Surprise change of government in Moscow leaves rubles cold

In his annual State of the Union address yesterday, Russian President Putin announced a series of constitutional changes that would give both parliament and government more powers, but would curtail the power of the president. Mr Putin wants the people to vote in a referendum on the overall package of planned changes. Immediately after this unexpected announcement, the Russian government, led by Prime Minister Medvedev, resigned as one. The latter said he wanted to give the president room for the planned amendment of the constitution with this step. The new head of government is to be the head of the tax authorities, Mikhail Mishustin, while Medvedev is to become deputy chairman of the National Security Council. It is not unlikely that with the planned constitutional amendment Putin is working on his retention of political power for the period after 2024. Thus, his second and thus last possible term as president will end, as the constitution currently provides for only two consecutive terms of office (although Putin is aiming to limit this to two). A further period as Prime Minister and thus as head of government is possible, however.

In the end, the rouble is not very impressed by the surprising developments in political Moscow and instead continues to present itself in a robust constitution both against the euro and the US dollar. The fact that it sees no reason for nervousness is probably largely due to the fact that, despite the replacement of the entire government team, it is not threatened by any political uncertainty, as President Putin continues to hold the reins in the Kremlin.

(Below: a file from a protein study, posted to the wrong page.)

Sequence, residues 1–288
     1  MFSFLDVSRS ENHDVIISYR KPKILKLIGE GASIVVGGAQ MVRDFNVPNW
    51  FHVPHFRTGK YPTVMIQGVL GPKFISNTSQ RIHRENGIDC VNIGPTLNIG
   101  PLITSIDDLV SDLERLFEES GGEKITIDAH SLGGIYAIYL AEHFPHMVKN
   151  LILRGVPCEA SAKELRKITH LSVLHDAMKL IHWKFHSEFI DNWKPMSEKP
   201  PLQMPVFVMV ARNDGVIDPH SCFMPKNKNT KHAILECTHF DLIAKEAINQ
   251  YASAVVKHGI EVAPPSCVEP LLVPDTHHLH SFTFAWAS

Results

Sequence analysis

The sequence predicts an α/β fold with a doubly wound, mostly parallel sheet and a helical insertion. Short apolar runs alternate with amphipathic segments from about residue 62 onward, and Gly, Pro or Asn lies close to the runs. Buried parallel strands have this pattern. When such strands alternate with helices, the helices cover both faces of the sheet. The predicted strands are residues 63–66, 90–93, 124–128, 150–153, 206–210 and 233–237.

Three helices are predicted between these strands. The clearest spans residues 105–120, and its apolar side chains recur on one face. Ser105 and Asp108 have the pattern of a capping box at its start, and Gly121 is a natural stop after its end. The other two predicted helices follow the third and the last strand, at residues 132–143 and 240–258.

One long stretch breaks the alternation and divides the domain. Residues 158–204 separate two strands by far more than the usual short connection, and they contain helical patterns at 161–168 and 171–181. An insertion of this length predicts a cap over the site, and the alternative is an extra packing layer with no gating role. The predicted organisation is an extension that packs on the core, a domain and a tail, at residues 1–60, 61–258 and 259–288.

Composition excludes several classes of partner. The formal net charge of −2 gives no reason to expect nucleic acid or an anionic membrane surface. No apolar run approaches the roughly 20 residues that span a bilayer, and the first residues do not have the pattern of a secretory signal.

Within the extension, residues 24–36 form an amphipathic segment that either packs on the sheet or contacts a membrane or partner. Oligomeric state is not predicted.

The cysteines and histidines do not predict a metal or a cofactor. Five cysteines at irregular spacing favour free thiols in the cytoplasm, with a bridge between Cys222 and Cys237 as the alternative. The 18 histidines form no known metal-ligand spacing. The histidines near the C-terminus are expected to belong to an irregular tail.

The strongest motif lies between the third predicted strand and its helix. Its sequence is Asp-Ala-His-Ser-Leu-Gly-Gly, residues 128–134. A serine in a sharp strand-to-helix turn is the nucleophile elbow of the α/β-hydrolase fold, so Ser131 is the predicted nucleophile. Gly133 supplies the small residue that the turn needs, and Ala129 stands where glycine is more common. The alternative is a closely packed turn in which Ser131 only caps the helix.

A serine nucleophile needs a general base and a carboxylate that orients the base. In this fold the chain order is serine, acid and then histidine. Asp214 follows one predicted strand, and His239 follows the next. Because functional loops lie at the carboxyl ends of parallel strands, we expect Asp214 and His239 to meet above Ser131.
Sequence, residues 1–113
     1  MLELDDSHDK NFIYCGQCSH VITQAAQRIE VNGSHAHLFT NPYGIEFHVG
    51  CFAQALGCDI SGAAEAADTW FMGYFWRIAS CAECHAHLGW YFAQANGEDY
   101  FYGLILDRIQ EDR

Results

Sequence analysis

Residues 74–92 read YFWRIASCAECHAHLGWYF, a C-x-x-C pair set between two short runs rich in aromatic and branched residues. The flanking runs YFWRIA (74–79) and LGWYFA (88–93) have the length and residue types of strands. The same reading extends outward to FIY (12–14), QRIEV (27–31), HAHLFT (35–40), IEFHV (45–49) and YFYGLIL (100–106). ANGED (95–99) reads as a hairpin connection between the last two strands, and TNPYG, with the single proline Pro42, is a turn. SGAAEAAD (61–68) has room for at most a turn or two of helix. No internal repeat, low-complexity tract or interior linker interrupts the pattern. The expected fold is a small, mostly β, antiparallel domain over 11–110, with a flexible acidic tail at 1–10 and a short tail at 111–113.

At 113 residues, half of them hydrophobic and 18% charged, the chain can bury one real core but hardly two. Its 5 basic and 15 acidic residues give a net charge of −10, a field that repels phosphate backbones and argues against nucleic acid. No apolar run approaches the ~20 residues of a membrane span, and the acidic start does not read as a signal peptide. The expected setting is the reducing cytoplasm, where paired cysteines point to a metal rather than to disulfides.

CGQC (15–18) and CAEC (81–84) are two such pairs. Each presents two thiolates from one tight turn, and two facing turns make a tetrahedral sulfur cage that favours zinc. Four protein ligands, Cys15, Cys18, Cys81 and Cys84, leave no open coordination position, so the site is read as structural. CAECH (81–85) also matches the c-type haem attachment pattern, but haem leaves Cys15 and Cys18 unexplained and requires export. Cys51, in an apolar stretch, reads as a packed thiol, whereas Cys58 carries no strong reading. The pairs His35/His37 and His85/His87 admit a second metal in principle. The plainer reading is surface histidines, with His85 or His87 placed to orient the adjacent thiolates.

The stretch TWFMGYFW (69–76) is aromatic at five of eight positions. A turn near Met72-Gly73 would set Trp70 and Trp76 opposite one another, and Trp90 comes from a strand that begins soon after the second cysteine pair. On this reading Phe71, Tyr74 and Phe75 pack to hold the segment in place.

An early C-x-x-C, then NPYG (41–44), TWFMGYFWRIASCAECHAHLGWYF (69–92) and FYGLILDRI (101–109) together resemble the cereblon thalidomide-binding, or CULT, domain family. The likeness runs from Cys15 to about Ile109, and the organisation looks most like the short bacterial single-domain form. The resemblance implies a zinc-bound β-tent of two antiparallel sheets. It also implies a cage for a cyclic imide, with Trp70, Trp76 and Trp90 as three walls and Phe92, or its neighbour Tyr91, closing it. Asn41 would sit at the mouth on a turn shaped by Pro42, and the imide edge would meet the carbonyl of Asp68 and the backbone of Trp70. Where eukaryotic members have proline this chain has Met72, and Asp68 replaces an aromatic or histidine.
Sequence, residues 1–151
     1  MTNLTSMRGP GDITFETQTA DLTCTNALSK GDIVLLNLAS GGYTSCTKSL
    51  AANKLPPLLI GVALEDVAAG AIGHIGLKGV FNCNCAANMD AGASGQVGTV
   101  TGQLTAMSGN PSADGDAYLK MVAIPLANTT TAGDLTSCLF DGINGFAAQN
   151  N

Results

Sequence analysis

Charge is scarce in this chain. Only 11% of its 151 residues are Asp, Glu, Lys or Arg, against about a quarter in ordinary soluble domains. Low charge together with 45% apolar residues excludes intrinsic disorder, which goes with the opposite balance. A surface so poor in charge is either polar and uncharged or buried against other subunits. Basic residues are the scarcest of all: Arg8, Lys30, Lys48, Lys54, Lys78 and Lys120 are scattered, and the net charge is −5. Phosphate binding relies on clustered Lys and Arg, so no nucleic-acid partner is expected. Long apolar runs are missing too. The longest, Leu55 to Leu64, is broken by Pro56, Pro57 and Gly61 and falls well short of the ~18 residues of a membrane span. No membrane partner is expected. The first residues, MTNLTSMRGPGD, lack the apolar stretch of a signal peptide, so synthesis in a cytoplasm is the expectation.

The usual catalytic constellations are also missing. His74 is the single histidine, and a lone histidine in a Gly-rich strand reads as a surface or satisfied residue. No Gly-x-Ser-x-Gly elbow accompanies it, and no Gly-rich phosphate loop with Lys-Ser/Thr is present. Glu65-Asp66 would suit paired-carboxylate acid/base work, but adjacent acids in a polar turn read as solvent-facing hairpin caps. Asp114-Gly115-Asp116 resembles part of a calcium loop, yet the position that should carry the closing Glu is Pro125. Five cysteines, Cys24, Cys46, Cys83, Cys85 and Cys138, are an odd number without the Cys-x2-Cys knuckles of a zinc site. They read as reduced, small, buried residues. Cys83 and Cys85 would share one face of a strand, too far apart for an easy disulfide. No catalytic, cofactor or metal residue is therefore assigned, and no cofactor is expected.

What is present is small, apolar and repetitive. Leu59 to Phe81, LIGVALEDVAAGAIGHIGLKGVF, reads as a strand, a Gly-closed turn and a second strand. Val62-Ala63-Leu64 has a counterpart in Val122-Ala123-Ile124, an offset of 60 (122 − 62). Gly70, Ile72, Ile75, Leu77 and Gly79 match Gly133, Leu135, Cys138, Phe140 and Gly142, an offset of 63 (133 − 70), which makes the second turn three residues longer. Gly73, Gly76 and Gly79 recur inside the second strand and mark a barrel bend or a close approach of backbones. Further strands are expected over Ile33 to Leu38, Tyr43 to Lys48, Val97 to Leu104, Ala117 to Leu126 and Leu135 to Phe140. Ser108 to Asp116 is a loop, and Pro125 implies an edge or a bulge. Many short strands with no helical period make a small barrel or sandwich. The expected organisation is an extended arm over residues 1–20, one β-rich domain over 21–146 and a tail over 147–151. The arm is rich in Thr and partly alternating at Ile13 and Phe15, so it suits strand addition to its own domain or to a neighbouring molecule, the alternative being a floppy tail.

Other factors, such as the oil price development, the global EM sentiment or the monetary policy response of the Russian central bank to the significantly reduced price pressure should therefore continue to play a role for the rouble. In our view, this should not threaten the rouble in the short term. The emerging market currencies, which are considered to be risk-sensitive, are still influenced by investors‘ search for returns and the current trend towards geopolitical and trade policy easing. Moreover, the ruble can continue to rely on the prudent monetary policy actions of its currency guardians.

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